Chaos in the Gulf

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Science  22 Oct 2010:
Vol. 330, Issue 6003, pp. 458-459
DOI: 10.1126/science.1197554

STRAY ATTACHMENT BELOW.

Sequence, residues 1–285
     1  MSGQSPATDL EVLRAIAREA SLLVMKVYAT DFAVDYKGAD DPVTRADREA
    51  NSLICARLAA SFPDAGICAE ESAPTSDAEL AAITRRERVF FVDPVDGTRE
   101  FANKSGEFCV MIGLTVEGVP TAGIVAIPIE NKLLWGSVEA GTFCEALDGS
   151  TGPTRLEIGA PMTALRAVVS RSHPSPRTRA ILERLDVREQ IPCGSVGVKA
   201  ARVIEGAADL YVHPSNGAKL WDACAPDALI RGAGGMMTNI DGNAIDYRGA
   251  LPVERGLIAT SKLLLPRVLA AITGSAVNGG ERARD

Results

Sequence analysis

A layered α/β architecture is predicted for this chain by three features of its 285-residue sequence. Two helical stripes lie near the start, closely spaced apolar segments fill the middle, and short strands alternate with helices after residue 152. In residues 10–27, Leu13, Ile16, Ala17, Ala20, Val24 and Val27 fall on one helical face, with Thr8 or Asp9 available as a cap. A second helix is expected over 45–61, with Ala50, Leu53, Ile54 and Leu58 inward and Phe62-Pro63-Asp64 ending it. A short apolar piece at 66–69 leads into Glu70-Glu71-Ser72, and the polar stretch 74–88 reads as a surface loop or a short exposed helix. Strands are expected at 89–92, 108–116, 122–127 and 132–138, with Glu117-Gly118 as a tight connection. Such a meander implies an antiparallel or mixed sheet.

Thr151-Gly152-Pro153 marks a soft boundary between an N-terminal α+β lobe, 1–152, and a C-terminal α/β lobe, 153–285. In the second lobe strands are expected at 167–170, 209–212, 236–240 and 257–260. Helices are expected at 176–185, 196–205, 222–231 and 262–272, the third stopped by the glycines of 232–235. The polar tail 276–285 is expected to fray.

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The magnitude of the oil spill into the Gulf of Mexico after the Deepwater Horizon disaster has been estimated at more than 4.4 million barrels (1). The subsequent environmental impact will rely both on monitoring and on the ability to accurately model the dispersal of the oil. On page 486 of this issue, Mezić et al. (2) present a modeling study that describes how the oil dispersed and attempts to predict how the spill will evolve. The mechanism of dispersal is complex, a question of transport and mixing, along with a dose of evaporation and chemistry. Mixing forms an entire branch of study, one that is closely linked to dynamical systems—the mathematical study of time-evolving solutions of differential equations. In the context of fluid mechanics, this link was first recognized by Arnold (3), Henon (4), and later by Aref (5), and it essentially boils down to chaos.